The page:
Corey quotes Lou dissing Dead:  http://tinyurl.com/dn4nlh

Ryan writes in the Doors vein:  http://tinyurl.com/dfbbor

Here's the latest ranking:

Allmans
Dead
E Street Band
Doors
Ramones
Aerosmith
Replacements
Beach Boys
Velvet Underground
Phish
Talking Heads
The Band
ZZ Top
Metallica
REM
Nirvana
Guns N' Roses
Pearl Jam
Eagles
Black Crows
Creedence
CSN
Foo Fighters
Fugazi
Jefferson Airplane
Little Feat
NRBQ
Rush
Stooges
Tom Petty and Heartbreakers
White Stripes
Wilco
Sonic Youth
REM
Crazy Horse (Neil Young)
Clutch
Chili Peppers
Parliament/Funkadelic
Toto
The Byrds
Widespread Panic

The Business Case For A Business Case

Natalie L. Petouhoff, Ph.D. By Dr. Natalie Petouhoff

In covering Customer Service, I have divided the topic into three aspects:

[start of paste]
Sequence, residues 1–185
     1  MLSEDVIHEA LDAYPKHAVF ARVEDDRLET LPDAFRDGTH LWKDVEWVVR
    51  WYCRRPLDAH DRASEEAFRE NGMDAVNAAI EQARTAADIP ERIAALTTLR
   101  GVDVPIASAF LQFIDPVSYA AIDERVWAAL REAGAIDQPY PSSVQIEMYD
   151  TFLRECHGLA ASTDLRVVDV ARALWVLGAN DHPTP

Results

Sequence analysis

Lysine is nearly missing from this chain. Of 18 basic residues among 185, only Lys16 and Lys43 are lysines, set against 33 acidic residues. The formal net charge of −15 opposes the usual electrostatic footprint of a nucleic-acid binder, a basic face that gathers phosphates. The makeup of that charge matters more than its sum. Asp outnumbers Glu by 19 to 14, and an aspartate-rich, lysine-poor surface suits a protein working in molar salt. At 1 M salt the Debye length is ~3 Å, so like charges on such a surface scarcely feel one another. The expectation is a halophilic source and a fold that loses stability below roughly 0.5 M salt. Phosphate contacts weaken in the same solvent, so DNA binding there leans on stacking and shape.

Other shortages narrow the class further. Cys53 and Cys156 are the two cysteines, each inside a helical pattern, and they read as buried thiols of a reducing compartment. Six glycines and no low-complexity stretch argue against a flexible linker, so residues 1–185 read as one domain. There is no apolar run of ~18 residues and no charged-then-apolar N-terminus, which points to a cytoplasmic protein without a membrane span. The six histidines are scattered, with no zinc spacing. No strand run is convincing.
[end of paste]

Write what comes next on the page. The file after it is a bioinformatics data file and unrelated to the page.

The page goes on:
• “Get the Basics Right”
  • “Understand the Business of Customer Service"
  • “Plan for the Future of Customer Service.”

I just published a document, “How To Win Funding For Your Customer Service Project." Forrester suggests to standardize the process and template for a business case. We use the discipline Total Economic Impact™ to calculate the ROI for an initiative. I’m hearing from a lot of my clients that in order to get their project approved, they need to justify it.

Today I had an inquiry call from a vendor that wanted to know how best to standardize the business justification process. They are finding that they can’t even get a meeting, or if they do, then one of the first sales objections of their clients is, “What is the ROI of this solution?"